Kitchen design and layout is a very common question homeowners come across, and we see countless questions regarding redesign and the battle of form over function. One common question we wanted to tackle today was an answer to marrying form and function with a kitchen with open shelving or without upper cabinets. Creating a classic DIY Kitchen Peg Rail.
For many years I have been inspired by both open shelves with neatly curated stoneware or small kitchen appliances. But after sometime I wanted to create a space with a larger canvas that provided the same open shelving appearance but with a little different functionality, a wraparound peg rail system.
Anyone Can Do This DIY
The DIY is as simple as they come, anyone can build them. Our measurements were dependent on the space, which determined the spacing between our shaker pegs, but with the same concepts you can add this to your kitchen or any space for that matter.
DIY Step by Step
First measure out the width of the space your peg rail is going to be. Identify areas of trim or your hood over the range, that will be in the path of the pegrail. We made some design choices here to have over hang on the outside edges, but areas that butted up again the peg rail we had run right into the hood. This is completely preference. Generally we like the even look of a shelf top with an inch overhang on each side.
Once you have the measurements of the width of your space, subtract 3 1/2 inches on each side and this will be the measurement of your backboard, the one with the mounted peg rails.
*The reason for the subtracted 3 1/2 inches, is to account for the 1 inch overhang of the top board, and 3/4″ of the thickness of the bracket boards on the ends. Account for both sides to total 3 1/2 inches.
For the peg placement, each end we started 4 1/2inches in from the edges. And 6 inch space on center of each of the shaker pegs. **We really like the 6 inch spacing, and if your measured area doesn’t allow for these to be evenly spaced at 6 inches, change the edge to shaker peg spacing to accommodate.
*For cornered shelves, the placement of the pegs located nearest to the corner may have to be adjusted to allow clearance from one another. if Placed too close to one another they may touch or interfere with use and hanging of the peg rail system.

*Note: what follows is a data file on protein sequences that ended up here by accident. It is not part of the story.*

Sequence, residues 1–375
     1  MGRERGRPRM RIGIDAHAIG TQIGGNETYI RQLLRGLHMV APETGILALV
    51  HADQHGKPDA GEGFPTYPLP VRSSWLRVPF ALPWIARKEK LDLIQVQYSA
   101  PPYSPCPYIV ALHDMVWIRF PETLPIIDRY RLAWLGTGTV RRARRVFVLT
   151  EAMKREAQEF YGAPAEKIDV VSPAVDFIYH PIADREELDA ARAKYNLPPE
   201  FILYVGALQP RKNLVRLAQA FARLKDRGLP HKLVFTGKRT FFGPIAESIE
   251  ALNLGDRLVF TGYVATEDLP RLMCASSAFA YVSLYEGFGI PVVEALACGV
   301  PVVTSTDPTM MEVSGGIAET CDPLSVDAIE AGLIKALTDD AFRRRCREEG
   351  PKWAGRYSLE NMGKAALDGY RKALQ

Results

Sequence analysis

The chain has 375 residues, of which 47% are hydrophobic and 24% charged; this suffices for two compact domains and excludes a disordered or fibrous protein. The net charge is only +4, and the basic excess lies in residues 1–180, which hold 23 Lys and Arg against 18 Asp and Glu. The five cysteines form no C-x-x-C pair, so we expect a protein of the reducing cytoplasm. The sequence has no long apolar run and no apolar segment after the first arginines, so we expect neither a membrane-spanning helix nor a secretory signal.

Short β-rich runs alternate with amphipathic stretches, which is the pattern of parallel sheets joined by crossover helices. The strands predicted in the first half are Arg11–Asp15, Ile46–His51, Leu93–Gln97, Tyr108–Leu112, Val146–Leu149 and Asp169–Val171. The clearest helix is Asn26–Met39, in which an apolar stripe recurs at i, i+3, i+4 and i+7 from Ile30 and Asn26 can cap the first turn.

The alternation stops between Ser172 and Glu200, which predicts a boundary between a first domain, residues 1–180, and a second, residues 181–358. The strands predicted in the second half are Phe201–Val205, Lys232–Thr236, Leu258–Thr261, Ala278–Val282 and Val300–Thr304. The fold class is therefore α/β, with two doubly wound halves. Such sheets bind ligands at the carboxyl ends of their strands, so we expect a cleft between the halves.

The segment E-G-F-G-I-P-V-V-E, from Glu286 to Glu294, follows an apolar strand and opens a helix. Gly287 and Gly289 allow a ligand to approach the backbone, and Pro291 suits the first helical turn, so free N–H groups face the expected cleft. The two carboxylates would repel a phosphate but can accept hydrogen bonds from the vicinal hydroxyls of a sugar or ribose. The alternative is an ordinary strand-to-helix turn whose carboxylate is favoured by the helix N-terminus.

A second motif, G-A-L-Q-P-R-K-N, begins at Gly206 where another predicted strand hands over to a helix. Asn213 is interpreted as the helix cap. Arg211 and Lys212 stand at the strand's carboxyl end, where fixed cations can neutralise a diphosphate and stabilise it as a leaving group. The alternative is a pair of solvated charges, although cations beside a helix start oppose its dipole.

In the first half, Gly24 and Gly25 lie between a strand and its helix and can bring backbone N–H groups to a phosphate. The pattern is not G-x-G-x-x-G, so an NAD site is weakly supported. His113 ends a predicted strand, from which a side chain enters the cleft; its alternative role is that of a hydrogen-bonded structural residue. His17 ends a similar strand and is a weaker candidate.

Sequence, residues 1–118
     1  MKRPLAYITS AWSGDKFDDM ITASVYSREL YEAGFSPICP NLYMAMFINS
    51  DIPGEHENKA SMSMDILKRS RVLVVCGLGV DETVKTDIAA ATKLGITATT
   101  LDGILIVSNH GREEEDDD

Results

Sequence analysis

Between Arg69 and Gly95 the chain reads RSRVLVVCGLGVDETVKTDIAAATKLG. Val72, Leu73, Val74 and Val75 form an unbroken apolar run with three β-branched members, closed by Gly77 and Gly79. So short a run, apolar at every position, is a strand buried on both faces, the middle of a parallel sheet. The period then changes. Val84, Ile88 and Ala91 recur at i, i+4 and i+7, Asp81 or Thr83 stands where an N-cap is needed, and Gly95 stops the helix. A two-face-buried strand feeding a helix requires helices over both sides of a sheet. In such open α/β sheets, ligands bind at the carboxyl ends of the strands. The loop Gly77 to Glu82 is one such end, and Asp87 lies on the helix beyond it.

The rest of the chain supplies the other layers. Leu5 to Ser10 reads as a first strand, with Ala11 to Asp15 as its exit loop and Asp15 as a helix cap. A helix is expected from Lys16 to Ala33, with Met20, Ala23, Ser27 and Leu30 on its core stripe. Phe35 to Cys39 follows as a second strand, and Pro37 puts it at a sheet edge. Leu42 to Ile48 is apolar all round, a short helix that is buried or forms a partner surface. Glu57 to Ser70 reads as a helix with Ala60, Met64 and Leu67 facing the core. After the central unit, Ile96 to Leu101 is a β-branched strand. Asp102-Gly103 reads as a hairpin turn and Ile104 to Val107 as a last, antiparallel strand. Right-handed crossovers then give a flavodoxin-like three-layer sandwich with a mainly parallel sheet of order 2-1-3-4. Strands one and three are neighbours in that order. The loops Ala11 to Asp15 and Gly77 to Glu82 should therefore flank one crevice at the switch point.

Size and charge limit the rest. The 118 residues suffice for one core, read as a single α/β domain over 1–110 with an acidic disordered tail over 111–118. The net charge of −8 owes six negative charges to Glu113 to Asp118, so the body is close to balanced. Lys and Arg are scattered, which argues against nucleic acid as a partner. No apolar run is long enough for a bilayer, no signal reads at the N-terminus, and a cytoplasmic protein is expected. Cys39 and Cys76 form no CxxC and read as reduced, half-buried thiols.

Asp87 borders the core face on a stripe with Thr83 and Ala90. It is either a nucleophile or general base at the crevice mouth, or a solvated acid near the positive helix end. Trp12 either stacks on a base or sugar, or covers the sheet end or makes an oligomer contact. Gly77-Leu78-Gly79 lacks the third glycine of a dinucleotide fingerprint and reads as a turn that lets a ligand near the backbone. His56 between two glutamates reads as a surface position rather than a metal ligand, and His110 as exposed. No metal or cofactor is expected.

Once shaker peg layout is finalized pre-drill the backboard, with a countersink drill bit, the center of where each peg rail is going to be placed, ensuring the drill bit pops out the other side of the board. Using a countersink drill bit will help sink the screws into the wood allowing for a smooth and flat surface to rest against the wall. On the opposite side, you are going to drill out a hole, that will allow the shaker peg tenon to sink into. Our shaker pegs had a half inch tenon, meaning that the hole we will not go all the way through the backboard. The best tool for this would be a 1/2″ forstner bit on a drill press. If you don’t have a forstner bit, you can use regular drill bits. I would recommend use one smaller drill bit, roughly a 1/4 inch drilling the hole and then stepping up to the 1/2 inch to ensure you get the best result. Also, since we are not going all the way through the road, measure 1/2″ deep on your drill bit, and using painter tape, tape off your drill bit leaving a little edge pinched like a mini-flag, to help you keep an eye on your depth. Once you have all your holes drilled, install the shaker pegs. I used wood glue in the drilled holes, and cabinet 1 1/2″ cabinet screws on the back.
Some helpful items for your DIY peg rail:
While that dries, cut your top board to length. Your top board will measure 3 1/2 inches longer than the back board. For the side brackets. I measured down on inch from the top and in once inch from the bottom, drew a straight line. A design choice we made was to have the bottom of the bracket 1/2 inch longer than the back board. Placed the board on the miter saw and lined up the angle to the line. Which was roughly 40 degrees.
Using Trim screws, I install each bracket on the outside edge of the backboard. Lastly install the top board using trim screws along the back to attached to the backboard and edges to install the top board agains the brackets and its ready to be painted and mounted.
& with those simple steps your DIY peg rail should look a little something like this when you are done…
That’s it! Well, if you make them like we did. It’s actually super simple & can make a huge impact in any space from an entryway to a bathroom to the kitchen & beyond. I’m obsessing over peg rail right now & have loved using it in different areas of our home. I hope this post inspired you and helped you see how you can easily make some peg rail for your home! Let me know in the comments below or find me on Instagram [HERE] to share with me if you end up making some! xx